When considering what I don’t miss about life in the church, visiting hovers near the top of the list. Visiting also has a spot in the top 5 of what I do miss.
Hmmm? Call me Contradictory Larry?
Tucked within the monolog-like words of Jesus to his disciples (John 15, the Gospel lesson for the upcoming sixth Sunday of Easter), the Nazarene said of his disciples, “you are my friends.” He continued with, “I appointed you to go and bear fruit . . .”
Whether planned or spontaneous, in a hospital before major surgery or at the kitchen table offering a chance to work with youth (such a deal!), visiting could nurture a sharing of faithful fruit.
Though, truth be told, I was lousy at visiting. How easy to postpone. Preaching and teaching—responsibilities I loved—took time. First was the personal preparation for a sermon or lesson, and then the public presentation. Going to meetings or completing administrative tasks consumed more hours. And don’t forget personnel issues and denomination demands. The obligations accumulated, like someone had jammed sand from an hour-long timer into the one-minute sandglass of my life. Too often, visiting another person was for emergencies or the ever popular, ever elusive eighth day of the week: tomorrow.
Anyhow, visiting in the twenty-first century boils over with challenges.
Castles had moats. We have caller ID.
If pastors brazenly call to make an appointment, a global communication company’s impassive voice icily greets her or him instead of a warm human being. Home phones have become noisy ornaments. The phone rings or vibrates and we study its screen for the name and number, immediately deciding to let it go to message or—rarely—to answer it. But, for the most part, why not listen to the message later . . . if you remember!
People have weird schedules. Who has a 9-5 job anymore? Kids demand chauffeurs for activities at all hours. Any pastor making a “cold call” is a fool. You’ll mostly hear the echo of a doorbell ringing in an empty house. A dog may be around to share a bite with you.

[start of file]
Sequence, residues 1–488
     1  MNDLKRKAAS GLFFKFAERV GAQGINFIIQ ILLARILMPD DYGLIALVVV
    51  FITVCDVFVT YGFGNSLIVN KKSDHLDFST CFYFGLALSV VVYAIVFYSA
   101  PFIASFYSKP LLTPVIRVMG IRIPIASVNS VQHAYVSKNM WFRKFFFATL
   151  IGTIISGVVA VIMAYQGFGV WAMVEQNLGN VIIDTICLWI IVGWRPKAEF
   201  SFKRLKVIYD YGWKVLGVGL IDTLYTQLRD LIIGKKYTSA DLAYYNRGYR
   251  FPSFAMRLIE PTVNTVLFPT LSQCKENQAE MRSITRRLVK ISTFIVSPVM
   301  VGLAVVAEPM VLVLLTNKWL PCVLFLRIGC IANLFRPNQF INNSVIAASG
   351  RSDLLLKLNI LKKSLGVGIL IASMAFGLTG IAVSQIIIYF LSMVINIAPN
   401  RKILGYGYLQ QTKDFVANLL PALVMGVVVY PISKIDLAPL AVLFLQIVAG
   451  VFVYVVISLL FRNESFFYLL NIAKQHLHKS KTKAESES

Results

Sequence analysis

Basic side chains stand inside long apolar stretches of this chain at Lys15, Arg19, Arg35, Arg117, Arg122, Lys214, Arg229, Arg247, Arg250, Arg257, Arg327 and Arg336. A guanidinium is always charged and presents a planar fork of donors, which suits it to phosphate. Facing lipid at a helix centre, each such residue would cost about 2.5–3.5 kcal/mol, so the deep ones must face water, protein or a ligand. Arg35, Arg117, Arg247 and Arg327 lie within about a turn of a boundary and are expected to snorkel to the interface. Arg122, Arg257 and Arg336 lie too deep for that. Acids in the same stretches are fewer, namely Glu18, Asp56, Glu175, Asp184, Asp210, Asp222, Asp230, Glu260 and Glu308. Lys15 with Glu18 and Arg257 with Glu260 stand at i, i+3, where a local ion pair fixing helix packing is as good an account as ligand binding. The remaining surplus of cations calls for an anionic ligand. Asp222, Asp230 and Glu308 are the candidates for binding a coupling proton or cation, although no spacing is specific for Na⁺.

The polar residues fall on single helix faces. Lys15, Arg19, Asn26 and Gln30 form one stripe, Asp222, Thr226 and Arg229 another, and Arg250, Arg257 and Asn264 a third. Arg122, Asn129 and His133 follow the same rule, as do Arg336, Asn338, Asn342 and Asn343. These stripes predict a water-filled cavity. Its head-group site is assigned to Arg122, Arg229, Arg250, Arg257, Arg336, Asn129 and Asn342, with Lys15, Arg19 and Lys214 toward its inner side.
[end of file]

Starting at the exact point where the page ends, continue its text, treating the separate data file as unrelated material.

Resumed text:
But people are more dangerous than territorial dogs!
A home visit can mean a male pastor is alone with a female. Or a female pastor alone with a male. Or any pastor alone with a child, or a vulnerable older adult. Danger with sexual harassment. Danger with any “he said, she said” disagreements. Do I smell a lawsuit?
Sorry, I exaggerate. Or do I?
And yet, I still believe, it’s in visiting where the bearing of fruit may happen between two people, and where the Holy, always desiring the creation of community, abides with us.
A while back, a former church member called. (Yes, I answered!) No longer involved in any congregation, her opening line was, “So Larry, why does someone call a pastor?”
People call mostly for the bad news. Her mother had died. Though a time of anguish, I looked forward to trying to help. You are my friends . . .
+ + +
I knew, when persistent in spite of the Caller ID obstacles, calling at the right moment after work ended and before the kids headed for soccer, that maybe a visit could be arranged. Visiting may be the best of what anyone tramping along with Jesus does. Be with another. Take enough time for the spirit to thrive, for the fruit to keep ripening.
When living in Wisconsin, I swung by to visit a church family on their dairy farm. I wanted to see how the cancer treatments for the mother/wife were going. When I arrived, she was cutting their expansive lawn with a riding mower. A bandana covered her head, hiding hair loss. She stopped the mower, greeted me, and I asked one question: “How are you doing?”
For the next moments, she wept. With her family she had to be strong, but through my simple question, the good and bad news freely flowed. With me, she could be scared. She didn’t have to careful with words, like she was with her kids and grandkids. I probably said a few other things, but I only recall my first question . . . and a deeply felt sense of being faithful friends.
Once, after teaching a class, a church member lingered. She shared her desire to do more with her faith, about feeling a call into the ministry. Oh, fleetingly, I thought her call was a by-product of my brilliant teaching. What a privilege for her to absorb my inspirational nuggets! But, as I listened, I discovered her “call” had little to do with me. Instead, it was a lifetime journey of being open to God, wrestling with scripture, praying, and with support from many preachers and teachers. (Yes, including even me.)
I was excited. What pastor wouldn’t be? But her sharing deepened. Though the congregation I then served openly welcomed the LGBTQ community, as a lesbian she would never be ordained to serve the church she loved and the Holy One who beckoned.
What a visit. What a privilege. I could never plan that moment. With her, I sensed a “bearing of fruit.” The bearing was burden and blessing.
In the Gospel of John, the Nazarene said, “I appointed you to go and bear fruit.” That’s our calling. It’s not fancy theology. It can be two people together, in a hospital room or a home, after church or in the supermarket, where a visit becomes a gift for both.
Too often, visiting was pushed to the next day. Or hurried.
And yet I loved visiting. I wish, in my ministry, I’d taken more time with others to ask the simple questions that friends ask, to share in the good fruit of neighborly love along Jesus’ path.